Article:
📸 Swift Camera — Part 2

Use custom camera view to take pictures and save it to photos album

Photo credit: Unsplash Photo credit: Unsplash

Incase this is your first time here, you can go ahead read the part 1. Believe me — it would only take you 4 mins to read it. I explained in detail about “How to create custom camera view using AVFoundation

📸 Swift Camera — Part 1

As usual, to all those nerds who wants to see the code in action and skip this post. Here is your Github repo link. Everything I am gonna discuss is already in that repo master branch.


For others who want to learn before diving into code,

Let’s take pictures with our custom camera

Before you dive in, you need the code from Part 1. You can find it in this Github branch. Below steps will use the part 1 view controller and add a feature to taking pictures.

Step 1

Select Main.storyboard, drag UIButton to our view controller, give it a nice title like “Snap a photo” and set constraints. Make sure button is on top of the preview view like below.

Main.storyboard ViewController structure

Set below constraints for our button, So that it will be in correct position.

Capture button constraints

Here, I’m adding leading, trailing and bottom constraints to our capture button. So that our button will be placed the bottom of the screen.

Control + drag our button to ViewController.swift and create an IBOutlet action like below. This function will be called when we tap the capture button.

@IBAction func onTapTakePhoto(_ sender: Any) {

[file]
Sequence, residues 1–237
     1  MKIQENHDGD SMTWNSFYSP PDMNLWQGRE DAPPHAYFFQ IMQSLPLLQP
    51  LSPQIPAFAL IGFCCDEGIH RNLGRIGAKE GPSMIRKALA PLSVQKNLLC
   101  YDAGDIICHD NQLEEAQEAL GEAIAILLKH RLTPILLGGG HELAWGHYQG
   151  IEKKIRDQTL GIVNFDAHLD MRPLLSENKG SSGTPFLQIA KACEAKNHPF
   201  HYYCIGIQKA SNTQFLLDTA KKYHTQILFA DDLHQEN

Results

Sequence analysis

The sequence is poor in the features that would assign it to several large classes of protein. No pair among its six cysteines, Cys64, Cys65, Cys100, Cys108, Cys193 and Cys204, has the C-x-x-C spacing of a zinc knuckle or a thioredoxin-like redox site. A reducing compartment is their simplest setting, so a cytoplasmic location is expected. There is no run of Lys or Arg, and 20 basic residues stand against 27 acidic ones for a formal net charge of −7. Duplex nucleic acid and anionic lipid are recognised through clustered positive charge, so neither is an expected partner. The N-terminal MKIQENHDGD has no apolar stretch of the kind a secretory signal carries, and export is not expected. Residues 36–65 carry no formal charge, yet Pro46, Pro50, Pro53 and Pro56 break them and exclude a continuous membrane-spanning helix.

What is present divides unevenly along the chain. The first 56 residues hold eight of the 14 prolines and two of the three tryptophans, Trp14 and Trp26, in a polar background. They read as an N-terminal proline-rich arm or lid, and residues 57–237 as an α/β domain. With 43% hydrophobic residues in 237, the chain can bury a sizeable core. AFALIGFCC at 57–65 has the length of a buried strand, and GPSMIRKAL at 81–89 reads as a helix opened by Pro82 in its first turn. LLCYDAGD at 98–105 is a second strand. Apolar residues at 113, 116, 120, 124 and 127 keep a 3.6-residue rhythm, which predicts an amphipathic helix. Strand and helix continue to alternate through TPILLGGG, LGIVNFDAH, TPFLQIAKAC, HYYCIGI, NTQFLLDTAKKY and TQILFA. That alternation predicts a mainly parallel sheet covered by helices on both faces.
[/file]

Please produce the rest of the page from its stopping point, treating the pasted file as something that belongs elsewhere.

Step 2

Create below instance variable in our ViewController.

var capturePhotoOutput: AVCapturePhotoOutput?

Here capturePhotoOutput helps us to snap a photo from our capture session. It has also provided lots of modern interface for capturing still photo, Live photo, wide-gamut colour including the variety of formats. To simplify this post, we are going to take still image from our capturePhotoOutput.

Step 3

Create an instance of AVCapturePhotoOutput in our viewDidLoad method inside do…catch loop and add it to our session as output like below.

// Get an instance of ACCapturePhotoOutput class
capturePhotoOutput = AVCapturePhotoOutput()
capturePhotoOutput?.isHighResolutionCaptureEnabled = true

// Set the output on the capture session

AVCapturePhotoOutput has lots of properties to control how the capture workflow should work. But we are just enabling High resolution capture here.

Step 4

Create and configure Photo Settings in our onTapTakePhoto function like below.

// Make sure capturePhotoOutput is valid
guard let capturePhotoOutput = self.capturePhotoOutput else { return }

// Get an instance of AVCapturePhotoSettings class
let photoSettings = AVCapturePhotoSettings()

// Set photo settings for our need
photoSettings.isAutoStillImageStabilizationEnabled = true
photoSettings.isHighResolutionPhotoEnabled = true
photoSettings.flashMode = .auto

// Call capturePhoto method by passing our photo settings and a
// delegate implementing AVCapturePhotoCaptureDelegate
capturePhotoOutput.capturePhoto(with: photoSettings, delegate: self)

Here, create an instance of AVCapturePhotoSettings and set some photo settings like image stabilisation, high resolution photo and auto flash mode.

Then, call capturePhoto method from capturePhotoOutput instance and pass our photo settings with self as delegate. This will allow us to take a still image from our custom camera.

Step 5

AVCapturePhotoCaptureDelegate methods gives us lots of control over a photo capture output. To simply our needs we will use this below method to get the captured image.


Create an extension for ViewController and extends from AVCapturePhotoCaptureDelegate like below

extension ViewController : AVCapturePhotoCaptureDelegate {
    func capture( captureOutput: AVCapturePhotoOutput,
                  didFinishProcessingPhotoSampleBuffer photoSampleBuffer: CMSampleBuffer?,
                  previewPhotoSampleBuffer: CMSampleBuffer?,
                  resolvedSettings: AVCaptureResolvedPhotoSettings,